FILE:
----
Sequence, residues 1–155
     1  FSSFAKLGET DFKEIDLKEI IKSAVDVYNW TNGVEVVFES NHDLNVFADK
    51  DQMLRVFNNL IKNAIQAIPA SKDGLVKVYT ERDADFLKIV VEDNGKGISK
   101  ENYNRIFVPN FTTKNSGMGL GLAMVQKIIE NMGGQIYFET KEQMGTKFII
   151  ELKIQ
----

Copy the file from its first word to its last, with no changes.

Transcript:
Sequence, residues 1–155
     1  FSSFAKLGET DFKEIDLKEI IKSAVDVYNW TNGVEVVFES NHDLNVFADK
    51  DQMLRVFNNL IKNAIQAIPA SKDGLVKVYT ERDADFLKIV VEDNGKGISK
   101  ENYNRIFVPN FTTKNSGMGL GLAMVQKIIE NMGGQIYFET KEQMGTKFII
   151  ELKIQ